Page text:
Ted Simons: Tonight's focus on Arizona technology and innovation looks at a program that involves teenagers passing on their tech knowledge to others. Producer Christina Estes and photographer Scott Olson have the story.
Leah Gessel: Mission one is the first game you will be playing.
Joel Leon: You're doing so far so good right now.
Christina Estes: On the fourth floor at Burton Barr Central Library in Phoenix --
Anthony Joshlin: Are you guys enjoying your guy’s game?
Christina Estes: Anthony Joshlin and his fellow interns lead a class on video game design.
Anthony Joshlin: I do have him you know do-sit-ups, have them do double jump, you can have him talk, you can have him think. Basically it’s whatever you want him to do, he will do it if he has that function available.
Christina Estes: Thanks to government grants, Phoenix hired 13 high school interns to support classes in the maker’s space, also known as Mach 1.
Terry Ann Lawler: Mach 1 stands for makers, artists, crafters, and hackers and we do everything from paper engineering to science experiments to computer classes and tech classes.
Christina Estes: Youth services manager Terry Ann Lawler says, there’s a special focus on science, technology, engineering, and math often called STEM.
Terry Ann Lawler: When they graduate from high school nowadays, they need to be prepared to go on to college or they need to be prepared to work in the STEM industry. The nice thing about classes in the library that are stem-based, is that they are ungraded, there’s not any pressure for them to perform. It is more of a play-like atmosphere.
Christina Estes: Playing with the 3-D printer is pretty popular.
Anthony Joshlin: It’s an auto clip-on band like hero type things like that. It’s like people actually call and ask if we can make them things from here and from our 3D printer and stuff like that. Our ultimate goal by the end of this year is to actually make a small model house, maybe 10 feet by 10 feet house basically from what we have here.
Terry Ann Lawler: From working here, they get a lot out of it. They get customer service skills, they get tech skills, they get trouble-shooting skills, and they learn how to work in a team.
Leah Gessel: Good job.
Christina Estes: Ask the interns what they learned, and a theme quickly emerges.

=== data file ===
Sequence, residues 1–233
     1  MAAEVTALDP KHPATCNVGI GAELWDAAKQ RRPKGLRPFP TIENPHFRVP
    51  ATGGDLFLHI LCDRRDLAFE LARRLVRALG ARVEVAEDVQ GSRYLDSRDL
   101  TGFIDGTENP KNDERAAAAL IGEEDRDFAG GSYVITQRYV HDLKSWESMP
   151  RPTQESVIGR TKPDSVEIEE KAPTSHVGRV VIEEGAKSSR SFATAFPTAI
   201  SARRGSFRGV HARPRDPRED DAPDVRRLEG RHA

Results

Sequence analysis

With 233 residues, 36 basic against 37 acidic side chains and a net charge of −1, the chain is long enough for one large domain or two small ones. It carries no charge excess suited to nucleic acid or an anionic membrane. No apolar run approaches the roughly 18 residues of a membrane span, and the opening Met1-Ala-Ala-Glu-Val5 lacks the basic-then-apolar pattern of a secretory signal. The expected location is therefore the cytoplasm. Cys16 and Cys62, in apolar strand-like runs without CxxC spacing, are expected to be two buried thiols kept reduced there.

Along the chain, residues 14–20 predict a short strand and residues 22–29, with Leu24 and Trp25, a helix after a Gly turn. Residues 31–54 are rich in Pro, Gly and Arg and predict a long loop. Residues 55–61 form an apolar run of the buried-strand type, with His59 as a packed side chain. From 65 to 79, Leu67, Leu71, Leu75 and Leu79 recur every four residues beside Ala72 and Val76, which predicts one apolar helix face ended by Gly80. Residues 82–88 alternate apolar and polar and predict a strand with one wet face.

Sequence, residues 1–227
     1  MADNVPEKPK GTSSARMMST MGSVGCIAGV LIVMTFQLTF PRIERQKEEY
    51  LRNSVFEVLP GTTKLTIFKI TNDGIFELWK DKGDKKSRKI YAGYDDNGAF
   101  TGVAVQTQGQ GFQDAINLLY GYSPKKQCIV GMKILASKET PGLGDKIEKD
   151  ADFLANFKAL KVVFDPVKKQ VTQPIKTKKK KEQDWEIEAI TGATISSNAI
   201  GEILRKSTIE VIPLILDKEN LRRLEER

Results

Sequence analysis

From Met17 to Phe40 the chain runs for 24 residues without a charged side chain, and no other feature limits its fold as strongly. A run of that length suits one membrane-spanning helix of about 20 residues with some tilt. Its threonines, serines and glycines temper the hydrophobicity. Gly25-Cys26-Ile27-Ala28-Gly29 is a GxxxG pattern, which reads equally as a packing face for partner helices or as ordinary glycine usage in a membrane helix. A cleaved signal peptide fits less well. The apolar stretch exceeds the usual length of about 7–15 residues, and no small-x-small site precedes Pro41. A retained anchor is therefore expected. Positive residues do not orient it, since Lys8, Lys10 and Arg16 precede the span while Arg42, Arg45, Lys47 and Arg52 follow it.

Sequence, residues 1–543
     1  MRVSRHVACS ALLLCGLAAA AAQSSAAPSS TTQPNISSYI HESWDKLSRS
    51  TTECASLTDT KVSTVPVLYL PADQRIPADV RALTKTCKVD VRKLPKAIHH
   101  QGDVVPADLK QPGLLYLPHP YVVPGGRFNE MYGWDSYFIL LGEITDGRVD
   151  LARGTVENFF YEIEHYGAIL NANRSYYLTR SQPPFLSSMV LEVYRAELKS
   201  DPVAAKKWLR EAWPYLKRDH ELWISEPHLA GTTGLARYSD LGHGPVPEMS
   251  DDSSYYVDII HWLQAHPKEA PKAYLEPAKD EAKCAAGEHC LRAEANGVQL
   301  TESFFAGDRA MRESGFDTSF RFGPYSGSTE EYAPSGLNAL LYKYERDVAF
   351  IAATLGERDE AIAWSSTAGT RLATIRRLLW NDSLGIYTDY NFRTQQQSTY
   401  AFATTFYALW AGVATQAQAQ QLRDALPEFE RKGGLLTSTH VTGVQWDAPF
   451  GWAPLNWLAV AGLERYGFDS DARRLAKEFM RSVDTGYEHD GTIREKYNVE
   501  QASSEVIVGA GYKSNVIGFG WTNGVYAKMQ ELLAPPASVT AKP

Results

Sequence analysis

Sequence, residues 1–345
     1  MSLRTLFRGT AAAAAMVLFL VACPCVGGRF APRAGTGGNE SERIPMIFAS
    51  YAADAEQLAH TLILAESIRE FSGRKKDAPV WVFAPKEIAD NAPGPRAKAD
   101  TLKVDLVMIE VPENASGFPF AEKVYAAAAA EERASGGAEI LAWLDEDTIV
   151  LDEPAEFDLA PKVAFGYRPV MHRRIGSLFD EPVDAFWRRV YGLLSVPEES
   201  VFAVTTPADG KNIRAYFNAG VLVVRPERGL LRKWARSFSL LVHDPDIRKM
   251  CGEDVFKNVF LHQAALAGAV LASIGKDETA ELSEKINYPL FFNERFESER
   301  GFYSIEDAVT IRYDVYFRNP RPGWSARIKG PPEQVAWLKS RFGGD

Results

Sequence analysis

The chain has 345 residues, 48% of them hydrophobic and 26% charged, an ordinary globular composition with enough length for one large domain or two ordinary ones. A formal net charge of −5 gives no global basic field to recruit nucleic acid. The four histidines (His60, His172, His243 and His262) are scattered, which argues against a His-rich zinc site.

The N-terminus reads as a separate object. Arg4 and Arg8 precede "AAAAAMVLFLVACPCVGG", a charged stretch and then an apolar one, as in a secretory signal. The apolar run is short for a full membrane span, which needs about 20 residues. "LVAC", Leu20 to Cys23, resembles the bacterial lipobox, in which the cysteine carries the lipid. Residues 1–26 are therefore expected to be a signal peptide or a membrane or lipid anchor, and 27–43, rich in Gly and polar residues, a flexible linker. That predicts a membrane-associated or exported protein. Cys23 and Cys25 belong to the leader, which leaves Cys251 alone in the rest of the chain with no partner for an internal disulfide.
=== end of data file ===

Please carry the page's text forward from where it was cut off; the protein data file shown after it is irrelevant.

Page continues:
Anthony Joshlin: I have a lot more patience than I thought I had.
Joel Leon: I have more patience than I probably thought I did or that I gave myself credit for. This job, when it comes to like I said teaching older people things, you have to be patient. Sometimes they have the attitude like they're willing to learn and other attitude where it’s just like hurry up and get me through what I need to do.
Leah Gessel: I have had adults come in and they will be asking what the class is, and when they find out I'm the teacher, they always kind of look at me funny. Like oh, it's you. But it’s really interesting getting to teach adults just because you don't expect to have that, the roles reversed like that. But I guess in the world of technology, my generation has grown up used to a lot of these things so the older generation is learning from us now.
Christina Estes: We didn't find older people in this class. These students ranged from six to 16.
Joel Leon: So, now you have the choice to put that character in one of the games and you can start making them.
Christina Estes: When the internships end, Joel and Leah plan to attend college, while Anthony will enter the army. He’s already working out with his platoon and applying lessons he’s learned at the library.
Anthony Joshlin: Time is like you know really important in here and in the military, because time, classes have a start time, then the end. Kids have to leave, you know come back, things like that. Also making me aware of things at all times, cause when kids are here, I have to like be able to watch in my peripheral vision to make sure they aren’t wandering off or make sure they are doing the right thing over here, just make sure they are on task things like that.
Joel Leon: Are you guys still on the same level?
Christina Estes: The library hopes to bring on new interns this fall and it sounds like they will have a tough act to follow.
Terry Ann Lawler: I think that anyone of my teens could be president and I would be happy about that.
Ted Simons: These services manager says that they are always looking for adults to share what they've learned or volunteer to teach classes.
Ted Simons: That is it for now. I'm Ted Simons. Thank you so much for joining us. You have a great evening